Spring is here and as temperatures continue to rise, you have likely taken your motorcycle on a few trips. While you have no trouble getting back on the road after a long winter, other motorists may not be prepared to see you. May is Motorcycle Safety Awareness Month, which encourages safe driving behaviors and highlights the specific dangers that riders face.
Based on figures from the National Highway Traffic Safety Association, motorcycle riders are five more times likely to be injured during a crash than a car driver or passenger. This is due to a lack of enclosure, often coupled with poor weather conditions and reduced visibility.
As a motorcycle rider, here’s how you can stay safe and share the road with other drivers.
1. Think About Your Location
Motorcycles should be positioned for other vehicles to see them. Ride defensively, avoid riding in blind spots and use your blinker before changing lanes. To increase visibility:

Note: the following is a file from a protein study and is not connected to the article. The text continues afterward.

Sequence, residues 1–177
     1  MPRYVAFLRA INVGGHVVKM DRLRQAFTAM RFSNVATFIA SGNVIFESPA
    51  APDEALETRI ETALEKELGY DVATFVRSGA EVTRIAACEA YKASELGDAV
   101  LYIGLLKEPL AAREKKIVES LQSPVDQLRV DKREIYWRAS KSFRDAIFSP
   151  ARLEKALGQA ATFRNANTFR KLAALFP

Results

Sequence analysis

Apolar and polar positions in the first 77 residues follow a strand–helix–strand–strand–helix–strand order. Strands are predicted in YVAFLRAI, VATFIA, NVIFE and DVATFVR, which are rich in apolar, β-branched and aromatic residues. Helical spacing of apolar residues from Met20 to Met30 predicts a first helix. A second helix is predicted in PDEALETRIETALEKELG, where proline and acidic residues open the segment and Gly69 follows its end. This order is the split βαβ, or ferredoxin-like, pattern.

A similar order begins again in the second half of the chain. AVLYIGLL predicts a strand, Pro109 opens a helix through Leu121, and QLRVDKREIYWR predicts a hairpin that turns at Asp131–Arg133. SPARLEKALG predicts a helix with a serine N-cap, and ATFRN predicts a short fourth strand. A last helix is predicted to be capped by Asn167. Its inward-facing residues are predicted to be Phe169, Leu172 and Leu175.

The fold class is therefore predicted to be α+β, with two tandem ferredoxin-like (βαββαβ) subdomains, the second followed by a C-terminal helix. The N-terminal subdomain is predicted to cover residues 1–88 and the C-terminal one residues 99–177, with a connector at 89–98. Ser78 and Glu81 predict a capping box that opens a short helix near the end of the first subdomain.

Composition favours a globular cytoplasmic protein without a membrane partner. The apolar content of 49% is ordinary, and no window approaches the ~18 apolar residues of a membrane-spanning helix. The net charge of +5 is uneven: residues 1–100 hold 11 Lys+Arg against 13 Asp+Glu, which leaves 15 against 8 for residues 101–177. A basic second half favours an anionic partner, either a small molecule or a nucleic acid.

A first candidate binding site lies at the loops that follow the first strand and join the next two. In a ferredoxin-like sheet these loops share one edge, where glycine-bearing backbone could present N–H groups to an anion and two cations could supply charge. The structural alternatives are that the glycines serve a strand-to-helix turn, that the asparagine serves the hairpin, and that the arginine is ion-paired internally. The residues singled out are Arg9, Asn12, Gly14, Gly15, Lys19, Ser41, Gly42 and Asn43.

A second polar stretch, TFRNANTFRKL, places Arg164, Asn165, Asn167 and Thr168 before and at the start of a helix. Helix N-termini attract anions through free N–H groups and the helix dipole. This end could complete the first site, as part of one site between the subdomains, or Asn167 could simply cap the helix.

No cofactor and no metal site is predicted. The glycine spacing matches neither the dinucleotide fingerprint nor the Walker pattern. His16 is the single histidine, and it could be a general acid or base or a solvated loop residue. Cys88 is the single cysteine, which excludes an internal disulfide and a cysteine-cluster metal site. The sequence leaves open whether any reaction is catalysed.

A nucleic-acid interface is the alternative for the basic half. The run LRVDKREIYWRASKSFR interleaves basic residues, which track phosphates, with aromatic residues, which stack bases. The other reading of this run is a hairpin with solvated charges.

- Keep your head on a swivel at all times.
- Do not lane split, which is illegal in Connecticut.
- Take care when passing a car or truck.
- Give yourself enough space from other vehicles.
Also make sure to stay off any painted lines, especially in the rain. When you come to a stoplight or stop sign, be aware the white stop line will be slippery, even if dry.
2. Know How Your Motorcycle Responds
If you’re a younger or less experienced rider, not understanding how your bike responds can increase your accident risks.
For one, a motorcycle is heavy and requires more time to speed up and slow down than a car. This factor increases when you have gear or a passenger on your bike.
Motorists cannot always judge the speed motorcycles are traveling, so keep your distance, use your turn signals and give yourself enough time to slow down when approaching traffic.